cook, make repairs, play cards
Losing one's ability to pay bills or balance one's checkbook
Getting lost in familiar surroundings
Neglect to perform personal hygeine
Relying on someone else close to them to make decisions or answer questions that they used to handle
What is another disorder that mimics Dementia?
What are some causes of Pseudodementias?
Infections (UTI, Pnemonia)
Depression (MOST COMMON)
What does Donazepil (Aricept) do?
Improves Cognitive funcion
Improving cholinergic function by inhibiting acetylcholinesterase
What is the inital dose for Donazepil (Aricept) and then what do you increase it to?
5mg for 4-6 weeks
What are some Side Effects of Dementia Meds (Cholinesterase Inhibitors)?
What do you want to teach about Dementia Meds (Cholinesterase Inhibitors)?
Taking after breakfast may lessen side effects
How to monitor pulse
That is DOES NOT CURE, only slows down the disease
What are some Multisciplinary interventions for Dementia?
New Nerve Growth
What are some alternative therapies for Dementia? LOTS OF THEM
Green tea, grape seed extract, deepest color fruits & veggies
Omega-3 Fish Oil
Salmon, mackerel, sardines
Keep nerve cells flexible
May be preventative in women (not useful for existing)
Improves cell membrane flexibility, caution in people with cardiac history
Found in soybeans & eggs
Increased risk for bleeding
What are some behavior assessments for Dementia?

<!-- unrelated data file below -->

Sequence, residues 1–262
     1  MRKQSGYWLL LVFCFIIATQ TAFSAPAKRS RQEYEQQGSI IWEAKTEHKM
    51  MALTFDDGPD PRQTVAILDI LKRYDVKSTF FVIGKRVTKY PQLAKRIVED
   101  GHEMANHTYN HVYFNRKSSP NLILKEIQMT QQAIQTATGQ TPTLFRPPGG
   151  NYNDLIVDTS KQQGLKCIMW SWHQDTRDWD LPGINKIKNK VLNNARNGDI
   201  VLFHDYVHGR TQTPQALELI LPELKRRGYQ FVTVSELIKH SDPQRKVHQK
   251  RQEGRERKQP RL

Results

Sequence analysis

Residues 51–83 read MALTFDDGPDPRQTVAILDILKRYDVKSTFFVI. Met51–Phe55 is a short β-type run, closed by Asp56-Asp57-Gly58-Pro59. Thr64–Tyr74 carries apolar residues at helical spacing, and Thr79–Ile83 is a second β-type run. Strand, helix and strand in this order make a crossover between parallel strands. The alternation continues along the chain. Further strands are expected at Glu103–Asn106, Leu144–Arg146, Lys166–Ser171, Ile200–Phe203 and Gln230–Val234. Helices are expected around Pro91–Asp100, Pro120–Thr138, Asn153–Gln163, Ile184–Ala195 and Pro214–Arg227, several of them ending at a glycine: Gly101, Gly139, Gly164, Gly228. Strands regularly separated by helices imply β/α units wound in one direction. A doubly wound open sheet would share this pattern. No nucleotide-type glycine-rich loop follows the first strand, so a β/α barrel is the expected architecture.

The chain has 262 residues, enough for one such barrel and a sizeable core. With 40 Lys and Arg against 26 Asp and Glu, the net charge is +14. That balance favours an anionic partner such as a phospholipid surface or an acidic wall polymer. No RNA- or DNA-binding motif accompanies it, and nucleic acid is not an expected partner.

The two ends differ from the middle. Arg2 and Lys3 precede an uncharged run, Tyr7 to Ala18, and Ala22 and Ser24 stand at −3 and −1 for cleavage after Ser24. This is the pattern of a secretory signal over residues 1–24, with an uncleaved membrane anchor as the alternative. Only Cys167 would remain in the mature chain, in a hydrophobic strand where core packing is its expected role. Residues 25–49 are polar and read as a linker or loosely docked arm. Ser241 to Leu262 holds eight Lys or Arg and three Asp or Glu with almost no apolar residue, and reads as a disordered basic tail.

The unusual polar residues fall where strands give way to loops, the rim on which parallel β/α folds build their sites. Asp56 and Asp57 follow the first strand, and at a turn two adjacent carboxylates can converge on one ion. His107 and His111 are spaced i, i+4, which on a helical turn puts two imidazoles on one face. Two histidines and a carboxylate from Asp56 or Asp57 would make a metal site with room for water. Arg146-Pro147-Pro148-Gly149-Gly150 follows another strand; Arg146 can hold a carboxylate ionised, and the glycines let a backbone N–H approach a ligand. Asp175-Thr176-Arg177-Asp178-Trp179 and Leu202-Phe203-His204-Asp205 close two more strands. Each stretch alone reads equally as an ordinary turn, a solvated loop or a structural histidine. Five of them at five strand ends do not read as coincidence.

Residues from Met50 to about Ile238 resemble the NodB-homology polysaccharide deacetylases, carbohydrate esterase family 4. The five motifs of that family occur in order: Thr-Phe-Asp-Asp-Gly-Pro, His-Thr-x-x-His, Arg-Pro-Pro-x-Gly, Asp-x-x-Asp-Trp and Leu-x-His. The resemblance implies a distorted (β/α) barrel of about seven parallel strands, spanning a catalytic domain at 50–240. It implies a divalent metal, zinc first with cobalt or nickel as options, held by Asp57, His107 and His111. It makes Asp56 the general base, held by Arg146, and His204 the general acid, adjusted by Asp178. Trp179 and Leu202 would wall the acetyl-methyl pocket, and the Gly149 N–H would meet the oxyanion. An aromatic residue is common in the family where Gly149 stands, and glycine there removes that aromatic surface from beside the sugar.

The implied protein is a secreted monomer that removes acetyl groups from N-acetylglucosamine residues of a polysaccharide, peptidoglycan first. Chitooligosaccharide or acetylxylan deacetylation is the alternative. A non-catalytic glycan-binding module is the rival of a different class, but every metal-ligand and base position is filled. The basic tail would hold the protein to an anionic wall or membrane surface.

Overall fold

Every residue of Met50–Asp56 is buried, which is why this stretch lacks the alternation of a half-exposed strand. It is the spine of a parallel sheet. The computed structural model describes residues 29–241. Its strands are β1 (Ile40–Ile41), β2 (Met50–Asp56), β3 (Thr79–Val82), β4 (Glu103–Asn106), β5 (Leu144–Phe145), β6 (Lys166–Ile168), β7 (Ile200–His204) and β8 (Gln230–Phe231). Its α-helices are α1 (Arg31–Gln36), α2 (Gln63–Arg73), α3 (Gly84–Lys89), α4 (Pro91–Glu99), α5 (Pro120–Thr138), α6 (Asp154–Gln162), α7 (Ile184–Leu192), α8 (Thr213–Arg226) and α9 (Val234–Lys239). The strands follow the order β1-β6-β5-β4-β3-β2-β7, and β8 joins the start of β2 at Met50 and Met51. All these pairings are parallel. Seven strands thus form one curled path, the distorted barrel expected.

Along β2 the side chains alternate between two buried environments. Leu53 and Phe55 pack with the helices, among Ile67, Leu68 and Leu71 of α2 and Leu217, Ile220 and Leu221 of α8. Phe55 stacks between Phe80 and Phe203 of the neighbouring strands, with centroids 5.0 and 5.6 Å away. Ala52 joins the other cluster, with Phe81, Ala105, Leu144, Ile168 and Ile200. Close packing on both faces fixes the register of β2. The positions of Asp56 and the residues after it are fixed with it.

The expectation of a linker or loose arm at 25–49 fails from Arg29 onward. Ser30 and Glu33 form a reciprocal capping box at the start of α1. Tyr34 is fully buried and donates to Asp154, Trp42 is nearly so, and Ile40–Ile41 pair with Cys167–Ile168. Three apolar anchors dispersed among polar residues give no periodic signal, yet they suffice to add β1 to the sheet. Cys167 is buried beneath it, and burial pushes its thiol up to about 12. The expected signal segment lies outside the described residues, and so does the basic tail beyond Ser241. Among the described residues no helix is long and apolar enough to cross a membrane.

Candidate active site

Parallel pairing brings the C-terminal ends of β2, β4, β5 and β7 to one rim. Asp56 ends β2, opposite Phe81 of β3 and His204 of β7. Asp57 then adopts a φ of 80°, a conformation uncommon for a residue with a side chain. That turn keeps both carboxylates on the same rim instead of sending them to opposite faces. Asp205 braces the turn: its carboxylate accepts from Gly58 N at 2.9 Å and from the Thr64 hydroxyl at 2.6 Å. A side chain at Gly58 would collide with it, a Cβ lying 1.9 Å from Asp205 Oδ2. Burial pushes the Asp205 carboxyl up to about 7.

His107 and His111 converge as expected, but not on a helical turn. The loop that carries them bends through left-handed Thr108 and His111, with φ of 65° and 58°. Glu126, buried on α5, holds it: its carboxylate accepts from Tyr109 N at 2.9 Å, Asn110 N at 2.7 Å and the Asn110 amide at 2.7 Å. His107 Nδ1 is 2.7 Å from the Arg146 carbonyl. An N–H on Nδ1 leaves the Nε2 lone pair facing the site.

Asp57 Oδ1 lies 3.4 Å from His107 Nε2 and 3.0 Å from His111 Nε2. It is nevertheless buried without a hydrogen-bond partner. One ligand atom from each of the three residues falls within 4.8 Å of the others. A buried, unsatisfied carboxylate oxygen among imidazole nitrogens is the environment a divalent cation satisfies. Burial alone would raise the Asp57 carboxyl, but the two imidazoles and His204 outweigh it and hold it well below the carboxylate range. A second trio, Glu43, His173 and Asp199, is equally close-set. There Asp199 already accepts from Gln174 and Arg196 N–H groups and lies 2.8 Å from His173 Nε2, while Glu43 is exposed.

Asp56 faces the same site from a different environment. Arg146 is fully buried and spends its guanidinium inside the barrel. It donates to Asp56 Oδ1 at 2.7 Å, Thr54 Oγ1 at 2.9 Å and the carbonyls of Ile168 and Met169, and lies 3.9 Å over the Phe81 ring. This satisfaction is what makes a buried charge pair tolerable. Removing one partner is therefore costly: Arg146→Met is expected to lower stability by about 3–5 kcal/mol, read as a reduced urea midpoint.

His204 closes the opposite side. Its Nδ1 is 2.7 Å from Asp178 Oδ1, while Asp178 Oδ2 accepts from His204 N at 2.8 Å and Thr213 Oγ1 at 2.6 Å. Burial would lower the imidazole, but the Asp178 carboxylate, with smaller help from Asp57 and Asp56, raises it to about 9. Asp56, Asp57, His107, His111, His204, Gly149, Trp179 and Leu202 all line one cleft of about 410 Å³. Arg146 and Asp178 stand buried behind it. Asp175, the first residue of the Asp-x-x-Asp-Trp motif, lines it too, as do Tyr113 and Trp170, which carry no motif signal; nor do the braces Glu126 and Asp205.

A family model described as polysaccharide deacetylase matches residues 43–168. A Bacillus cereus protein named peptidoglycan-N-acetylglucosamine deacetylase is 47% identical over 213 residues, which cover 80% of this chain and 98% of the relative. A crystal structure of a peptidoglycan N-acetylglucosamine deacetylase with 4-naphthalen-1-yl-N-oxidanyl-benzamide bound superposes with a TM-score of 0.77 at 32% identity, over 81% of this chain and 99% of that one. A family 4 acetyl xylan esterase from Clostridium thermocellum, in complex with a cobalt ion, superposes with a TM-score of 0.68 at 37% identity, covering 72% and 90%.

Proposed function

Unable to do Complex Tasks
Frightened by their confusion
Attempt to cover up symptoms
Need assistance dressing
IE: lipsmacking, pacing
Disoriented at days' end, oriented during the day
What are some assessments for Affect for Dementia?
Mild stage: Anxiety & depression occur
Moderate Stage: Inc lability of emotions (rage/irritability)
Severe Stage: Person becomes unresponsive to environment
What are some cognition assessments for dementia?
Decrease in Concentration
unable to make judgements
Language skills begin to deteriorate
Mod AD: Memory Loss (recent and Remote)
Confabulation: Filling in gaps with imaginary information
Misidentification Syndrom: Familiar people are unfamiliar
Aphasia - Unable to understand language
Agraphia - Unable to read or write
Agnosia - Unable to recognize familiar people or situations
Alexia - Unable to tell what to do with a frying pan, toothbrush, telephone
What are some perception assessments for Dementia?
Visual Hallucinations are MOST common
What is being unable to understand language?
What is it when you are unable to read or write?
What is it when you are unable to recognize familiar people or situations?
What is it when you are unable to tell what to do with a frying pan, toothbrush, telephone etc?
What are some Dressing and bathing interventions for AD?
Have pt perform task to their capacity
Always have pt wear own clothes
use clothing w/ elastic/velcro buttons
Label clothing w/name
Give step by step instructions
If resistant to self care come back later and try again
What are some nutrition interventions for AD?
Monitor food and fluid intake
Offer finger foods
Weigh pt once a week
During hyperorality make sure pt doesn't eat non-food items
What are some bowel/bladder function interventions for AD?
Begin bowel and bladder training early
start with bladder control
Evaluate use of diapers
Label bathroom door as well as other rooms
What are some sleep interventions for AD?
Keep room well lit b/c pt may be awaken and scared
Maintain calm atmosphere during day
Order non barbituates if neccessary
If meds are indication consider neuroleptics
Avoid the use of restraints
What are the 5 A's for Alzheimer's?